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|Abstract:||The American Marketing Association defines BRAND as a “name, term, design, symbol, or any other feature that identifies one seller’s good or service as distinct from those of other sellers.” In the luxury goods market, the brand exists as a tool for companies’ disposal which holds a “symbolic dimension and emotional value.” Christian Marquart added that “brands serve the culturing of markets, culturing of technologies and, last but not least, the ‘aestheticising’ of everyday life. Brands support individuals in the ability of expression and distinction.” Since the 1980’s, an era which marked the beginnings of a more democratized fashion industry, it has become necessary for each luxury ‘brand’ to secure a unique place for itself relative to others within its marketplace in order to survive. “Typical tactics to achieve [differentiation include] cross-branding, the extension of brand territory or partnerships with other important players in the luxury world such as celebrities, activists, and artists,” because, “without an aesthetical, culturally anchored, and therefore also emotionally charged concept, brands cannot be designed and stage-managed effectively.” I am interested in exploring cross-branding as a method of differentiation and self-fashioning for high-fashion companies, as it is carried out with architects who are representatives and agents within the profession of architecture. These professionals are pulled to participate in the highly public and market-driven creative systems of high-fashion, both as designers who can do ‘commercial’ work and who treat building as mediums for personal artistic expression.|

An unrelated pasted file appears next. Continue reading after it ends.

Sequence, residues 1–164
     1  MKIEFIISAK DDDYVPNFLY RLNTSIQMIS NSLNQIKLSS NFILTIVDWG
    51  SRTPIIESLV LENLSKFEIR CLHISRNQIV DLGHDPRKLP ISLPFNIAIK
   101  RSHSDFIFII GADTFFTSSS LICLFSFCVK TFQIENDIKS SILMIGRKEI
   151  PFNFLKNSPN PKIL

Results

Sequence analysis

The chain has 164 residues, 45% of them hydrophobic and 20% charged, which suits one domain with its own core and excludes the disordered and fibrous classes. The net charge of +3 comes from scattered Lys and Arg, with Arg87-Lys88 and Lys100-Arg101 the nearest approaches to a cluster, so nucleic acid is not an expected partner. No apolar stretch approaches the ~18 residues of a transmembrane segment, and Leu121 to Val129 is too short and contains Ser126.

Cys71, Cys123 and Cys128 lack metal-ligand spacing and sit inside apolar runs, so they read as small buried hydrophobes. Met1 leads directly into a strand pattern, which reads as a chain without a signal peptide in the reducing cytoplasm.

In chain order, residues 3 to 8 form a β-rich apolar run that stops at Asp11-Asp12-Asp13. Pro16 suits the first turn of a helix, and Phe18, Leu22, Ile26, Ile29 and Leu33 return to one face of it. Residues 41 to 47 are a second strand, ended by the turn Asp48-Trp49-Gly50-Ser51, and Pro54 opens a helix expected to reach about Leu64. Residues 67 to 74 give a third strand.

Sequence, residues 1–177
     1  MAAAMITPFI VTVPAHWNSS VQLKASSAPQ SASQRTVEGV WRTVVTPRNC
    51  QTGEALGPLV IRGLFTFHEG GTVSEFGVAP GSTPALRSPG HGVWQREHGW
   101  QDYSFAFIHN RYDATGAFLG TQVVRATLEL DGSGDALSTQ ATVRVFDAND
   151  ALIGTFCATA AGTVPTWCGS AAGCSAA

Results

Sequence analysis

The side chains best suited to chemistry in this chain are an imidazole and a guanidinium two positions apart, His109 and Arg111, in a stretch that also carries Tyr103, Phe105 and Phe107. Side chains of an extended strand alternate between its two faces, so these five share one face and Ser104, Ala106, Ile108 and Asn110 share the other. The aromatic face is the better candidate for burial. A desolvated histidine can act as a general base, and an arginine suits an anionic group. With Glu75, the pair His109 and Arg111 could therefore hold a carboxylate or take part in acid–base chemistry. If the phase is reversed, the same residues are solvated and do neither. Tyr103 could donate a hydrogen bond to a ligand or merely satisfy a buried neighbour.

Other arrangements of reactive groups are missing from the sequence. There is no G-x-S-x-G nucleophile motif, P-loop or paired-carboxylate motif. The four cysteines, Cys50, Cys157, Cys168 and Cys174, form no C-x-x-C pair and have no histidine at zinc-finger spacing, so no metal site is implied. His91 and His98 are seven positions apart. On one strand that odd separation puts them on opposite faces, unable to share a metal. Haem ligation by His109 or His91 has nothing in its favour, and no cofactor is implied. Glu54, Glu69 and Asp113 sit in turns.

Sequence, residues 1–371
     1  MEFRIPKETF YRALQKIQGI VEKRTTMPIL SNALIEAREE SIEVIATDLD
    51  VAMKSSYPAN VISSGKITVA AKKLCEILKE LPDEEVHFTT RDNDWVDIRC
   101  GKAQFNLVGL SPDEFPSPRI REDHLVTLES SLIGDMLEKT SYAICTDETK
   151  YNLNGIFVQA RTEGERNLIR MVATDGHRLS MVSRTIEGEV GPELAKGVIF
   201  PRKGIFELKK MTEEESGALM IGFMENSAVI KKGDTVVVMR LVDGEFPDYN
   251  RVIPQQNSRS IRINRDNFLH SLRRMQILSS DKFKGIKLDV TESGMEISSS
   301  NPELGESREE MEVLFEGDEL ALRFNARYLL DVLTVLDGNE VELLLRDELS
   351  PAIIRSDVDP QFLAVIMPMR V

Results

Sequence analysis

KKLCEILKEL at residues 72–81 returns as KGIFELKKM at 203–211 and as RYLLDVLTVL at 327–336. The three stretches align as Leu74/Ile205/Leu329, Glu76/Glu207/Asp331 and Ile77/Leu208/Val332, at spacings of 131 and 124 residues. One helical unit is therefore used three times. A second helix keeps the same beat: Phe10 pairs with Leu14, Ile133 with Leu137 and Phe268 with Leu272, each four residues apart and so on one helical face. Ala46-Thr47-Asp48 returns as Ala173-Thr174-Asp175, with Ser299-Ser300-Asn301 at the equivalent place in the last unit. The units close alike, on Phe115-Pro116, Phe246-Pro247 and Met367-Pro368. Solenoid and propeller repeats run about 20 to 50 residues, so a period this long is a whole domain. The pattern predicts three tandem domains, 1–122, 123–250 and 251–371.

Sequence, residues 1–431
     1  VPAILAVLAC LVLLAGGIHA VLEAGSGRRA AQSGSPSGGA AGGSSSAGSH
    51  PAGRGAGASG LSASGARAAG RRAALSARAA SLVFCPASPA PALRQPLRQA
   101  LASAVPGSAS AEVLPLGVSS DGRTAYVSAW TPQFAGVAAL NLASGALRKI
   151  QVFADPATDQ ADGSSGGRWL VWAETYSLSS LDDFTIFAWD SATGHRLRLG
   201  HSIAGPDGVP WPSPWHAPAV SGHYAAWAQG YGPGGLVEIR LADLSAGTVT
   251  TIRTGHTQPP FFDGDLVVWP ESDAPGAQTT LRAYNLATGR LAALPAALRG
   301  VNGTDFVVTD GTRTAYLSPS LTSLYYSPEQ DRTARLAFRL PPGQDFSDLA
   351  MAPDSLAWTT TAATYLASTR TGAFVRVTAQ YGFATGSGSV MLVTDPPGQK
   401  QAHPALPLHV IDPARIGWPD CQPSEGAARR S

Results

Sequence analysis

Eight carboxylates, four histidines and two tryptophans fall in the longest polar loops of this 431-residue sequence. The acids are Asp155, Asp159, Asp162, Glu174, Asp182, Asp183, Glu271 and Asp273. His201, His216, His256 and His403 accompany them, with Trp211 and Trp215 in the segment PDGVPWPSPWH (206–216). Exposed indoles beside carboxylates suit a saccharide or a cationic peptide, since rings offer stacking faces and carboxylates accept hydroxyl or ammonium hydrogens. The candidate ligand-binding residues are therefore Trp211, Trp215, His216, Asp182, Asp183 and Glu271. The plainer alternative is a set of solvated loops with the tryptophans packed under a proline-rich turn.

|Type of Material:||Princeton University Senior Theses|
|Appears in Collections:||Architecture School, 1968-2016|
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